The only thing is, every time i have them rotated, the guys at my mechanic back the pressure back off to the door frame recommendation.

I have been told that the vehicle manufacturers set this number low so that the truck will ride like a sedan..... not sure if there is any truth to that, or just something that has been passed on but i find the ride and handling more to my liking at 37. If i wanted the ride of a Camry, i would skip towing and drive my wife's car.

Just my two cents worth..... not an expert opinion by any means.

Dana and Olga
2006 Safari 23
2011 Tundra Double Cab
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Old 11-05-2015, 02:24 PM   #8
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I have a Dakota which calls for similar tire pressures. A dealer in Texas set the tires to the recommended door pressures and I didn't discover it for a couple of days. Loaded truck was running very warm rear tires. I always request full pressure 44 psi rear and 35 psi front. That works for me with 700 lbs in the box , or pulling the 25' Excella. Higher front pressures seem to result in wandering, and center wear. Lower front pressure will result in squirming under heavy braking. You need to play with the pressure for your set up, but I would start with full manufacture's tire pressure in the rear, and try a range up front that gives you steering comfort
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Old 11-05-2015, 06:03 PM   #9
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Hi Lisa,

Are your new tires P rated or E rated LTX tires? I just replaced our the tires on our 2008 Tundra with E rated Michelin tires. The tire store where I bought them told me that I should run them at around 45 psi unloaded, which doesn't match the pressures on the door jamb.. When towing our trailer I put them up around 60-65.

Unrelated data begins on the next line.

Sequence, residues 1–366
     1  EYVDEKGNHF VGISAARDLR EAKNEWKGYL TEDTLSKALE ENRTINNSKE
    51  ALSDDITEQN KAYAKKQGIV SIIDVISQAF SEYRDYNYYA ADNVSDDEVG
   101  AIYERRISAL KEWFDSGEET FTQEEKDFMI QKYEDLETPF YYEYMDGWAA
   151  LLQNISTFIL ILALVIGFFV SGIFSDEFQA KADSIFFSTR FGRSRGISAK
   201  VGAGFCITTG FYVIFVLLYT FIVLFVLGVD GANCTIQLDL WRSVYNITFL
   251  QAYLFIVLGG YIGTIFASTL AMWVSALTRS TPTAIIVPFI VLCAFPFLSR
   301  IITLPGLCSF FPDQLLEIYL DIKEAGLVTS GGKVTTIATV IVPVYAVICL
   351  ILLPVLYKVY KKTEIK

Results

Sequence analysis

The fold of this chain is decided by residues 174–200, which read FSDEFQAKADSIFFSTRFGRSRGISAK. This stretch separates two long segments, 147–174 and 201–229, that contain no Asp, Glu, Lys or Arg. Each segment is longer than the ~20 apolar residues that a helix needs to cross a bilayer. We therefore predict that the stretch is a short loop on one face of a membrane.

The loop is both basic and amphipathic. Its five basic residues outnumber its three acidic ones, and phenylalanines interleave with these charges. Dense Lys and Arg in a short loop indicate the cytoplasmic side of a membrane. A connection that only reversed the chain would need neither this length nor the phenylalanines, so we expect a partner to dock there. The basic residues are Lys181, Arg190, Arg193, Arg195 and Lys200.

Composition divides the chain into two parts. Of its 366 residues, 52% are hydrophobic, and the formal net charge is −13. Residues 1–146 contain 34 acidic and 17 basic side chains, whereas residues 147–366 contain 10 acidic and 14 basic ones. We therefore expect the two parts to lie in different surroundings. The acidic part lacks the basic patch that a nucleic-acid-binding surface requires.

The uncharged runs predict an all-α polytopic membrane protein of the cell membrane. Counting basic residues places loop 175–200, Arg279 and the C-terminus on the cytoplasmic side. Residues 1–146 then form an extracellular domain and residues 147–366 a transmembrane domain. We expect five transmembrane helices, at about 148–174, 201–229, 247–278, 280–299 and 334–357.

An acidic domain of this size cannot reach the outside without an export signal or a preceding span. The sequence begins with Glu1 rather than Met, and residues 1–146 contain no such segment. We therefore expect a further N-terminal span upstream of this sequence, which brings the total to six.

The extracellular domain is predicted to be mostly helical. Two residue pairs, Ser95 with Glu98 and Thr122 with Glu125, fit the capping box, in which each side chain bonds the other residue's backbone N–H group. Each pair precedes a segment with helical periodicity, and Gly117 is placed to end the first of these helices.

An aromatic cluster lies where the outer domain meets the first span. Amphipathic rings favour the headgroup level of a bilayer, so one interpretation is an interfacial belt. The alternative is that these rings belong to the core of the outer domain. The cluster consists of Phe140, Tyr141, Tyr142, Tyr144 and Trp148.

They made a pretty significant improvement over the P rated tires in stability while towing our 25' FC.

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Old 11-06-2015, 07:19 AM   #10
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After purchasing a set of E rated Michelin LTX tires, I noticed that my tire dealer had inflated them significantly higher than the value on the manufacturer's decal inside the front door of my truck. Received many conflicting opinions, then called Michelin technical support. They were very helpful on the phone. Using my tire numbers, model of truck and typical loading ... they looked up recommended cold pressure inflation values for that tire/vehicle combination. (This confirmed the inflation by the tire dealer.)
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Old 11-06-2015, 10:47 AM   #11
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I had to get rid of brand new ltx ms2 on my Excursion.... They were horrible even with 80 psi inflation. I was literally all over the road!
Went back to Firestone transforce AT, and I'm rock solid again. I added up the ply count....7 not 10 despite being E rated. The sidewall thickness is half of the Firestones.
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Old 11-06-2015, 11:08 AM   #12
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I can't speak to your question about what's "safest" pressure to run when towing a 25CCD. But I can offer my observations, which are not really worth much!

I can say that on our '13 F150 I had probably the exact same tires (factory tires), and max pressure (what is needed to carry max load the way I read the tire stamps) was 44 psi, and that's what I ran all the time towing or not. Tires were too mushy otherwise. Your LTXs almost have to be "P" rated to have a max psi of 44.